Backyard Early Summer Nighttime Nature in New Jersey.
The weather held, and I got a second chance to capture an image of the fireflies flashing in my backyard. This time I set up two cameras, reduced the aperture (so a greater distance would be in focus), increased the ISO to increase the brightness (dealt with the increased noise in post processing), and set the focus distance to ~70 feet (locking the focus ring with gaffer tape). This time the composite images were better. I will try again tomorrow.
Fireflies in my backyard. Composite of 110 images taken with a Nikon D3s camera and 600 mm f/4 VR lens. I liked this image, and have used the camera and lens parameters to help get better subsequent images.
A different type of Black-eyed Susan with a red circle showed up in the small wildflower meadow I planted last year. I didn’t add any new seeds to this section this year, so the flowers that are showing up are either perennials, bi-annuals, or got reseeded from last years flowers. So far the flowers that appeared in this section include (sort of by date) Italian (Crimson) Clover, several types of Poppies, several types of Daisies, Bachelor Buttons (Cornflowers), and now two types of Black-eyed Susan. Just before the Daisies started to bloom, a deer got in and nibbled on the flower buds. Since then I put up a seven-foot mesh (not electrified).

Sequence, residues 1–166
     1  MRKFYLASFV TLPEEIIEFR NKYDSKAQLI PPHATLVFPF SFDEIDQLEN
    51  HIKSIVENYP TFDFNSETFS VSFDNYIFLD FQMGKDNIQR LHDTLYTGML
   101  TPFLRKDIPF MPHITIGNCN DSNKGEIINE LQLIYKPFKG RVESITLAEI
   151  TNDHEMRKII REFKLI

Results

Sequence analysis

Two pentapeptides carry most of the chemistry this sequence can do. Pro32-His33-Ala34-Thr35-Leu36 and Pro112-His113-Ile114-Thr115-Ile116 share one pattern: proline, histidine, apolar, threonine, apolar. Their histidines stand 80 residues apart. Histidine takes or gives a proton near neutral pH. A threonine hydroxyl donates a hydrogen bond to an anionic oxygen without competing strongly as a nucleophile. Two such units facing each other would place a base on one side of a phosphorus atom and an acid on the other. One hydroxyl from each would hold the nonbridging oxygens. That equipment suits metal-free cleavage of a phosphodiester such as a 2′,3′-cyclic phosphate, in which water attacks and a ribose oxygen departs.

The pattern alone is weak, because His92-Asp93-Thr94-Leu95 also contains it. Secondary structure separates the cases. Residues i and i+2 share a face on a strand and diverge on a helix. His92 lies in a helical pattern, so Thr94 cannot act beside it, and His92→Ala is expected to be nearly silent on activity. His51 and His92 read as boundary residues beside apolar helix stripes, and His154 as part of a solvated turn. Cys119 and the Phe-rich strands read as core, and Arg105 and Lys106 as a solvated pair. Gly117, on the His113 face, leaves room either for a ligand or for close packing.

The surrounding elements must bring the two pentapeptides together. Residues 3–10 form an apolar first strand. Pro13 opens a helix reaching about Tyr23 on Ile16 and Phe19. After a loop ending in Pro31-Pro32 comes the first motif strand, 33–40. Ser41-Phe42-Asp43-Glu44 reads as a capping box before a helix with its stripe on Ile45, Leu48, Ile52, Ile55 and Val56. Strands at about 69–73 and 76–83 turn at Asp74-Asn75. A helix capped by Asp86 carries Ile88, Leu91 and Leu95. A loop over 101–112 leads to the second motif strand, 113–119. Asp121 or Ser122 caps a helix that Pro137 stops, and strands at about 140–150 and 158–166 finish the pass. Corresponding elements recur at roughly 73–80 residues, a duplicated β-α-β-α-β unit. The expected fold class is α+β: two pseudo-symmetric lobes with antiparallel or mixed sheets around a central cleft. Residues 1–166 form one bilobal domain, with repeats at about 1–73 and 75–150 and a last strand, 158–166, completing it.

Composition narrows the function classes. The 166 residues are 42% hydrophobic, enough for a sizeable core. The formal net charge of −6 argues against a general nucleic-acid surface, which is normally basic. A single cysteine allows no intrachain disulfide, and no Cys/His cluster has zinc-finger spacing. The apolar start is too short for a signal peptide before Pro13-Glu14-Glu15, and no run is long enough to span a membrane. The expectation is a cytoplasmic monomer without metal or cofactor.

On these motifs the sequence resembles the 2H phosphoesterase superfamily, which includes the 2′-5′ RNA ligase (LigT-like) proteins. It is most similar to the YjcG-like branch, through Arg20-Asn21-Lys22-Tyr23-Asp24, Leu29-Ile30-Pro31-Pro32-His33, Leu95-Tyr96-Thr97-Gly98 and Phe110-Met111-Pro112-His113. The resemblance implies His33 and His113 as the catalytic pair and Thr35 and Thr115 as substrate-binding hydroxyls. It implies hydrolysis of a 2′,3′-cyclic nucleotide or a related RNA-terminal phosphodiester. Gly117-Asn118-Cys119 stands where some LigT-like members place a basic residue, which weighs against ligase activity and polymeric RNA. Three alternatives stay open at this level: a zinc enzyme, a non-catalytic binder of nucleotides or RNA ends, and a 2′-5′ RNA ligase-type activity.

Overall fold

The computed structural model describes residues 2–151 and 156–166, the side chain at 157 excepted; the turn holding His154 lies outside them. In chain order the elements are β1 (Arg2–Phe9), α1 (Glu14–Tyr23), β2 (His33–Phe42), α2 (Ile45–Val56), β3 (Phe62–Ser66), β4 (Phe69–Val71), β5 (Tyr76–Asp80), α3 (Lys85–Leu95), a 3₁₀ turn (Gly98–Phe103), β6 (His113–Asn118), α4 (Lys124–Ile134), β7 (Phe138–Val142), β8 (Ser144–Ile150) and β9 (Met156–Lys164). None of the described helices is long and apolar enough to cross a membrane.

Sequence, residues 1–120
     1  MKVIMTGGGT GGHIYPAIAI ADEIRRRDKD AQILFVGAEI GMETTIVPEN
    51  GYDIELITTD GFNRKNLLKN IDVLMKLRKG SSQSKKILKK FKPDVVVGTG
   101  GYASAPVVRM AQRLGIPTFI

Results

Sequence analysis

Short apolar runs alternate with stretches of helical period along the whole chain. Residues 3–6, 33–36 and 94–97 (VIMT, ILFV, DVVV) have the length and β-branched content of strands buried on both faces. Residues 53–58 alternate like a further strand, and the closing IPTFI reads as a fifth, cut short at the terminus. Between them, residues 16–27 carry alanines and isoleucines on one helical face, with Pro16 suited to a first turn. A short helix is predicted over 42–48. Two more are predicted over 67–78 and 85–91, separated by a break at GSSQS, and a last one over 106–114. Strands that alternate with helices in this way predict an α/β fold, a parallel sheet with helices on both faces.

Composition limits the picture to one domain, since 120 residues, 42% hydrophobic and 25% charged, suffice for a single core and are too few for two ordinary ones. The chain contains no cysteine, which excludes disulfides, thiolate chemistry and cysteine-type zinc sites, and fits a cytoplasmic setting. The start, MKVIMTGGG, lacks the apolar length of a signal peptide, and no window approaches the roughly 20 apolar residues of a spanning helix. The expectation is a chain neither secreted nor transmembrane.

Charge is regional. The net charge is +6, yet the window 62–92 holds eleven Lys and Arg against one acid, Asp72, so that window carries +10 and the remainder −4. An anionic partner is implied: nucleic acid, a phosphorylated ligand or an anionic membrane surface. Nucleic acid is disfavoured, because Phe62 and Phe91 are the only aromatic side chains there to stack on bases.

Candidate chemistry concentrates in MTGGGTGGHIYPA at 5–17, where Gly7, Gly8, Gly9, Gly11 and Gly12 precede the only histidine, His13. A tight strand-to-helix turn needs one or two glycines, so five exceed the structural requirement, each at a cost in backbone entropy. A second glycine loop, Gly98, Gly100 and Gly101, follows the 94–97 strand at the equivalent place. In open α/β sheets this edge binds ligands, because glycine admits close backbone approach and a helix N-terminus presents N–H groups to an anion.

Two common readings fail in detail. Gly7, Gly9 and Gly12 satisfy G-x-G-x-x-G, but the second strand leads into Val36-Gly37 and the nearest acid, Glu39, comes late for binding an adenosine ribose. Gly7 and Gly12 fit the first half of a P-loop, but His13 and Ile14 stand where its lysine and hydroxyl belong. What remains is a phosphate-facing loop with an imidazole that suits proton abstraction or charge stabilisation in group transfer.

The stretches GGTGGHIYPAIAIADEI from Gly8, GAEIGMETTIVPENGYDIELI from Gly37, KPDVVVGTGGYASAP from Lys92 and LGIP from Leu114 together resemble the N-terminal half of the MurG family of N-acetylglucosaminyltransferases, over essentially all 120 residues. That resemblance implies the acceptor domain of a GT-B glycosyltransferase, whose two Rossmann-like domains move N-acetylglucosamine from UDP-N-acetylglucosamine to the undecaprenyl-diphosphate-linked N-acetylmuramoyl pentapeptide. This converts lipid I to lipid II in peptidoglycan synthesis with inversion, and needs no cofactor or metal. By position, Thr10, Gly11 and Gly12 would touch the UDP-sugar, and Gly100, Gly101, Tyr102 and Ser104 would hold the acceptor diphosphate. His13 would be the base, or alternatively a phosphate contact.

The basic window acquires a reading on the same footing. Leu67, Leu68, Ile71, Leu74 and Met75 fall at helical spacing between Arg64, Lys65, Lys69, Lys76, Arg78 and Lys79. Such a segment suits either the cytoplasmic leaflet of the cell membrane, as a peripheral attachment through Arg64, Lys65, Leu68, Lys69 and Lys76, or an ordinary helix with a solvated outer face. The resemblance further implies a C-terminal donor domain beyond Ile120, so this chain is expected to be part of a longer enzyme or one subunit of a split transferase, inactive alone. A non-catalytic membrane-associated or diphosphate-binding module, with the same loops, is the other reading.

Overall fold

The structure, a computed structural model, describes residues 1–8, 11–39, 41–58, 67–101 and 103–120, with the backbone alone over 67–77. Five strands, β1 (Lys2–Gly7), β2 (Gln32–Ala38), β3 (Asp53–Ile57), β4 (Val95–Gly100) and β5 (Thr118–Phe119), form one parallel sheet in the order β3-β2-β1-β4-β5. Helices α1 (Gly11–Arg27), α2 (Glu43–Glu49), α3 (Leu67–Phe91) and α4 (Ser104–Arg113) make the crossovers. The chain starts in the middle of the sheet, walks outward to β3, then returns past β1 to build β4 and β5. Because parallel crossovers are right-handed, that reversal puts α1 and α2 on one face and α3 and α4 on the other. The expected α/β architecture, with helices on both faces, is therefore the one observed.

It was relatively dark out, and I could see a large number of fireflies out my backyard. I set up a camera, and took a series of images which I used to create a nearly two-hour composite image. I am not happy that all of the fireflies were out of focus — I didn’t guess right with the distance from the camera and/or the focus dial moved as I was setting the camera up in the dark. Weather permitting I am going to try again tomorrow night.
Walkabout in my backyard on the last day of spring. In addition to the poppies, a number of new flowers are starting to appear (Babies Breath, Bachelors Buttons, Coreopsis, Cosmos, various Daisies, Larkspur, and Black-eyed Susan). The yellow prickly pear cactus flowers only open for one day.